1)  Oz writes me and spells the abbreviation for cooperative as co-op.  That makes it a different spelling than coop as in chicken coop.  I looked it up in wiktionary and he is right.  Who knew?

2)  Isn't this more fun than having to spend an afternoon, all in the same room, trying to figure this stuff out?  You can read it at your leisure, you can think before you respond and we have no deadline except we will not be making any money until we have plants to sell.

David.

 

July 18, 2014

 

Thank you all for your comments. And thanks Adam for the Small Scale Permaculture Nursery materials. I am planning on spending the afternoon reading through that. Considering everything that has been written, I want to revise Question 2 add a Question 3 and set a date for a yes or no vote. If there is further discussion and a subsequent change to the questions the vote deadline will be extended. I am not empowered to answer many of the other questions because we are in process of forming a group of people willing to commit to the success of the co-op whom we will empower to make those decisions. Once that group is empowered they can decide how we will start and later change their minds and make new rules as we gain experience.

 

Avery's point is well taken that our expenses to start are fairly limited and going forward we may be able to cover all of our expenses through the way we price our plants and share the proceeds. What I am looking for is a structure in which people who are committed to the success of the co-op make the decisions. I think we will have that if we make a one time membership fee for full members and empower full members to make the decision. Going forward, those members could make a decision to pay an annual fee to cover ongoing expenses. I will be proposing an executive committee made up from representatives of each of the categories of membership that would propose an annual budget and member assessment and submit that to a vote of the full members. Only the one time membership fee and the concept of the members assessing themselves has to be decided right now. If the group votes yes on these questions I will set up a separate e-mail list for full members for voting purposes and we can begin to decide how this will work.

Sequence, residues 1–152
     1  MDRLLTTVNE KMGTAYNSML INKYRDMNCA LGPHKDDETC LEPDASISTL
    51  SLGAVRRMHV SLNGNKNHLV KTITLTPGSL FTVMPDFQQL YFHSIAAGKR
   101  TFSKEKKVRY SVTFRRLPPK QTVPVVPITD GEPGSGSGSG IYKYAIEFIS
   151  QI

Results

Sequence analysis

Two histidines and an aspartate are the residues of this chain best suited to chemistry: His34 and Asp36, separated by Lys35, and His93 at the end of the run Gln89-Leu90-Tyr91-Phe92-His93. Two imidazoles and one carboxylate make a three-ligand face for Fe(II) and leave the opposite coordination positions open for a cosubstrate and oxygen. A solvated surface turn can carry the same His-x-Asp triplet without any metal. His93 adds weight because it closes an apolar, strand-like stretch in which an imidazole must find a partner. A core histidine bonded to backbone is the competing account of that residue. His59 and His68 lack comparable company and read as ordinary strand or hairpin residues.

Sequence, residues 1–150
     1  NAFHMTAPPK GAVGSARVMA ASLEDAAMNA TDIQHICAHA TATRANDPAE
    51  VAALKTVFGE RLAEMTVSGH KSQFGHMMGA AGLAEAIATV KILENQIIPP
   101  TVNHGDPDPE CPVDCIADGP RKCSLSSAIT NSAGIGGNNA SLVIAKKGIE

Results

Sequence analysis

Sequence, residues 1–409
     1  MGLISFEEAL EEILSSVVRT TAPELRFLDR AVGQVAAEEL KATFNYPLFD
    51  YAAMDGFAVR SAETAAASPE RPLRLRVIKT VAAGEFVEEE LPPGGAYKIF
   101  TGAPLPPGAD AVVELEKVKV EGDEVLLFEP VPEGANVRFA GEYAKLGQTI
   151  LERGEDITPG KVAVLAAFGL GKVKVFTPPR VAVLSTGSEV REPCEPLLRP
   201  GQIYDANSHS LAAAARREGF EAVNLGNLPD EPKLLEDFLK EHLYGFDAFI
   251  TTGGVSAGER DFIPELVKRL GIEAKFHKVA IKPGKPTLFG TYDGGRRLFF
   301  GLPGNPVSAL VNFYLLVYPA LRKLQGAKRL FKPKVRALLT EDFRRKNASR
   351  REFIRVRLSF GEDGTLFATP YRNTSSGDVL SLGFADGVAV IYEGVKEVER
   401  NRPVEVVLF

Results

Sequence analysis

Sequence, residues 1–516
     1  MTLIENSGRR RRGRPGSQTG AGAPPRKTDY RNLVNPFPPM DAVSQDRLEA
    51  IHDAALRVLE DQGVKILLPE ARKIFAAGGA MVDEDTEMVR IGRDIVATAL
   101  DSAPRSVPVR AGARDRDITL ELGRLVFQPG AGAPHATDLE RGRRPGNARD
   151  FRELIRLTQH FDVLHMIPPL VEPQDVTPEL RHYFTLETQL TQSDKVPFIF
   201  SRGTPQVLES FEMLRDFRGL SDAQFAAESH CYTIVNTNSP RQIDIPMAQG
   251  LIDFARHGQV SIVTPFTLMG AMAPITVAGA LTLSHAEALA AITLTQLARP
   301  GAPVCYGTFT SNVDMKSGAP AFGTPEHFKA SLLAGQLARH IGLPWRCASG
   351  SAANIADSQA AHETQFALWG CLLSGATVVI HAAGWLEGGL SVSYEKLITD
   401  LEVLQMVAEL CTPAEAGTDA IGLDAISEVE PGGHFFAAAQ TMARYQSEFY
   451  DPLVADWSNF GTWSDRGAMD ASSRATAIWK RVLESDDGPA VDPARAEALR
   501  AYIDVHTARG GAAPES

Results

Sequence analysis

Please consider the following revised question 2 and question 3 and submit your votes on all three questions on or before July 25, 2014. A majority of those voting by that date will determine whether or not we will empower those who pay the membership fee to start making decisions, unless there is further discussion and based on that discussion the deadline is extended.

 

Question 1.

Will we have a structure in which we have full members who pay a membership fee and contribute time and get to vote on issues, and associate members who contribute time but pay no fee and have no vote?

 

Question 2.

Is $100 and ten hours of labor a reasonable one time membership fee for full members and twenty hours of labor a reasonable one time membership fee for associate members?

 

Question 3.

 

Is it reasonable to then have the full members agree to assess themselves for expenses of the co-op on an annual basis going forward?

 

Thanks for your participation,

David Braden

 

July 19, 2014

Michael Anderson wrote:

Once again, I see a structure that seems to me to marginalize those without funds & like the real world, give voting power to those with the money. What this structure says is that the extra 10 hrs of labor required of "associate" members has no value. Then why require it at all. Simply let them put in the 10 hrs everyone else does & call them associates. Or value that extra 10 hrs at $10/hr & also have them be voting members. I say this not knowing whether or not I will be a member on either level, but trying to be fair to all who want to be involved.

Unfortunately, there are cash costs to starting up this business.  There are also labor requirements to get started.  This is not about valuing those with money over those without money.  If we set it up that you have a place to grow out plants to sell, and create a market to sell them, just set aside the first $100 worth of plants you grow and use the proceeds to become a full member.